3 Definitions

3.1 Primary galaxies

In this paper, we estimate the fraction of quenched secondary galaxies around primary galaxies. The latter correspond to the most massive or the brightest galaxy in a group (or halo). By following a similar observational approach of Kauffmann et al. (2013, see also , ), we define a galaxy with stellar mass  to be a primary galaxy if there is no other galaxy with stellar mass greater than /2 within a given radius. In practice, this is an isolation criterion where we use the 3D positions of galaxies taking into account the periodic boundary conditions in the simulation box. We use three isolation radii in real space: 0.1, 0.5 and 1 .

3.2 Secondary galaxies

The secondary galaxies correspond to all the galaxies in the vicinity of primary galaxies. The minimum stellar mass for the secondaries is . Recall that due to the isolation criterion, the maximum stellar mass for the secondary galaxies is /2 of the primary galaxy (  /2) inside the isolation radius.

3.3 Galactic conformity

Figure 1: Contours with the distribution of sSFR as a function of stellar mass for the synthetic galaxies of G13 (left-hand panel), GP14 (middle panel), and GRP (right-hand panel). The blue dashed horizontal line is the fiducial value used in this work that roughly separates star-forming and quenched galaxies (above and below the line, respectively). The colour bar indicates the number density of galaxies.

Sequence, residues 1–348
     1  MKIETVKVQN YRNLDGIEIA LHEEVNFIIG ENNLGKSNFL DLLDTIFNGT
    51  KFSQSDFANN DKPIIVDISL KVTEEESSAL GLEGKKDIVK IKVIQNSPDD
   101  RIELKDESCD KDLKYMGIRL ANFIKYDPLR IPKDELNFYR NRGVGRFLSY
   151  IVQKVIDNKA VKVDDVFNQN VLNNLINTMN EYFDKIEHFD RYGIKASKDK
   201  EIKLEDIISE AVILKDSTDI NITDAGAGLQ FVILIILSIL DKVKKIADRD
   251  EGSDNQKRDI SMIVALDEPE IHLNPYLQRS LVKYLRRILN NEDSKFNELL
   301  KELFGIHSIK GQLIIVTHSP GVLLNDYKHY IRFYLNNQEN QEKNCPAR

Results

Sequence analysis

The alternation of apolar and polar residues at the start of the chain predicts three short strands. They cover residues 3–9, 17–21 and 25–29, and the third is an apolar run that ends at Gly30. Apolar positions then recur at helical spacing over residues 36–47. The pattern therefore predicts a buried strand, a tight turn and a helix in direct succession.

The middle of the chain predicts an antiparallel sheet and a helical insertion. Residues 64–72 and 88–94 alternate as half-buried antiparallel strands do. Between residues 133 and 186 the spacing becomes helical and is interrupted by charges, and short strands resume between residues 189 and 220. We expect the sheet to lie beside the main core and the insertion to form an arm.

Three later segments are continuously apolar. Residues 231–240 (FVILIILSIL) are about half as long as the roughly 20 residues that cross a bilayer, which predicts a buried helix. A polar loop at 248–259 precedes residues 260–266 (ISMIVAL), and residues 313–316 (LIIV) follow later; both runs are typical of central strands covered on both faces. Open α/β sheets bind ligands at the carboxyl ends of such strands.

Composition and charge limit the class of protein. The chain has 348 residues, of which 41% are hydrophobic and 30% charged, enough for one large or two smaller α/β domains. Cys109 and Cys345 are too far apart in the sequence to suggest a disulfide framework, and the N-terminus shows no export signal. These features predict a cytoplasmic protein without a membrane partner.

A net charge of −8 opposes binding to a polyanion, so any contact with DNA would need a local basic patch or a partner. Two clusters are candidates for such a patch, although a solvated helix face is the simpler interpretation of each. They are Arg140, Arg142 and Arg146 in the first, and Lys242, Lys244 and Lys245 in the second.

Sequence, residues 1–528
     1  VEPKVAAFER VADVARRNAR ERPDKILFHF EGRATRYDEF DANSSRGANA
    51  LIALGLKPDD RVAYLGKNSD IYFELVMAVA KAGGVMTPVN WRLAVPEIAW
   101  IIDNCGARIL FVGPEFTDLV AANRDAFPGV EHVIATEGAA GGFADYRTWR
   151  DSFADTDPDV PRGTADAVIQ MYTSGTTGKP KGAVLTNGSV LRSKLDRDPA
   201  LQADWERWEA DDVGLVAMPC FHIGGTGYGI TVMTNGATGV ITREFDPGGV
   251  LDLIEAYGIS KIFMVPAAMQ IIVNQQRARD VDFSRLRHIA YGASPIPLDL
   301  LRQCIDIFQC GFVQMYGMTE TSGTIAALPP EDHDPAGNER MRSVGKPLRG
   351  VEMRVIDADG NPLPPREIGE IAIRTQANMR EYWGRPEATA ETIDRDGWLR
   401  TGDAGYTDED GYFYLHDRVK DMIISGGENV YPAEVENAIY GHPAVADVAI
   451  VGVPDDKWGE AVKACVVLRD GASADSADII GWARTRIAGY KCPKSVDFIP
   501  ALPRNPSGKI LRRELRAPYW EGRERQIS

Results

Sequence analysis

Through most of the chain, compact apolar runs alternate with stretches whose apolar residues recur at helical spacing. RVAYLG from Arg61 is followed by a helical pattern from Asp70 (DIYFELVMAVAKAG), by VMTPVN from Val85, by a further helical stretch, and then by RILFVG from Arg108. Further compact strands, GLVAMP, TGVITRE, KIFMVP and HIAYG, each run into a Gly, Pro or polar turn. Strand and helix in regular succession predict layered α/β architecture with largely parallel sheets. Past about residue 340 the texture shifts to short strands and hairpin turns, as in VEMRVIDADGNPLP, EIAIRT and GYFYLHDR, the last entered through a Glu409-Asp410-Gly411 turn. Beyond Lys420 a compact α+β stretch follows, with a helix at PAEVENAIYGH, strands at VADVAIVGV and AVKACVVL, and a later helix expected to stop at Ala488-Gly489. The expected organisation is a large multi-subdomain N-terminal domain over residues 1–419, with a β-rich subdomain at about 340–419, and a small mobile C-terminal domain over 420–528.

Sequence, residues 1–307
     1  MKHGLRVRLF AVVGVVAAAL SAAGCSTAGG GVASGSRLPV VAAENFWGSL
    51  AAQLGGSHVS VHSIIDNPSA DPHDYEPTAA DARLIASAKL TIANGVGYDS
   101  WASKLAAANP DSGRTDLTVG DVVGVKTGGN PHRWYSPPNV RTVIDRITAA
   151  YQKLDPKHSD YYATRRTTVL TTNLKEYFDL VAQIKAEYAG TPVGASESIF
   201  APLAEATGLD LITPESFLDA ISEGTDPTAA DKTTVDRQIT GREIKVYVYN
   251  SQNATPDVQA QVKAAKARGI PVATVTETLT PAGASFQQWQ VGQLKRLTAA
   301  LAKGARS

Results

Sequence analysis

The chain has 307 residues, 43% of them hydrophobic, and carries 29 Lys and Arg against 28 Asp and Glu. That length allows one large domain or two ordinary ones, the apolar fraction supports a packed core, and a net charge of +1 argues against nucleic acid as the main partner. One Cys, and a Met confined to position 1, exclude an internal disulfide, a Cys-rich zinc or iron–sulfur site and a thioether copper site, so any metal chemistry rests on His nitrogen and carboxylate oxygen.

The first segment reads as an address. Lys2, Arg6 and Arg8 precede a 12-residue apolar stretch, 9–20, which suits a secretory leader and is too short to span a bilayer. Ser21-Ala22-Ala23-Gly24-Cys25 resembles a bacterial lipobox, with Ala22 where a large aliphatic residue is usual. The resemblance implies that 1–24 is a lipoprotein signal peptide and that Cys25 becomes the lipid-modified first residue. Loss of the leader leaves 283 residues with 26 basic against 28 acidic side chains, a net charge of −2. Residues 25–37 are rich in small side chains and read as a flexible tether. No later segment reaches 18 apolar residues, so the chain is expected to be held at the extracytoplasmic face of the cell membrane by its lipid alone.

In order to detect galactic conformity in the semi-analytic models, we measure the mean fraction of quenched secondary galaxies around quenched (Q) and star-forming (SF) primary galaxies. We define that there is a galactic conformity signal when the mean quenched fraction of secondaries at a given distance from Q primary galaxies is higher than that around SF primary galaxies of the same stellar mass. Fig. 1 shows the distribution of the specific star formation rate (sSFR, simply defined as the star formation rate normalized by the stellar mass) for the synthetic galaxies of G13, GP14 and GRP as a function of stellar mass. We refer to a galaxy as “quenched” if the sSFR is lower or equal than 10 yr. Otherwise, the galaxy is considered as star forming. This value of sSFR is marked as a blue dashed line in Fig. 1. We obtain that the fraction of Q galaxies is similar for the three models using this cut in sSFR (57% for G13, 58% for GP14, and 58% for GRP). We have checked that our results are robust changing this cut by and dex.

The errors in the estimation of the mean quenched fractions are calculated using the jackknife method (e.g. Zehavi et al., 2002; Norberg et al., 2009). In detail, we split every sample in 120 subsamples and estimate the covariance matrix as follows

(1)

where is the number of subsamples, is the mean quenched fraction around primary galaxies in the th radial bin, and

(2)

Error bars in the figures of Section 4 are estimated using the diagonal of the covariance matrix, i.e., .

We use the covariance matrix to estimate the cumulative signal-to-noise ratio (S/N) of galactic conformity. The cumulative S/N at a distance is measured through the difference between the quenched fraction of secondary galaxies around Q and SF primary galaxies as follows

(3)

where . Here, and are the mean quenched fraction of secondaries around Q primary galaxies and SF primary galaxies, respectively, considering the radial bins out to . Furthermore,

(4)

where () is the covariance matrix defined in equation (1) for the mean quenched fraction around the Q (SF) primary galaxies. In order to differentiate the signal of conformity at small and large scales, we estimate equation (3) separately for the one-halo conformity and two-halo conformity out to  and in the range , respectively.

4 Results

4.1 Isolated primary galaxies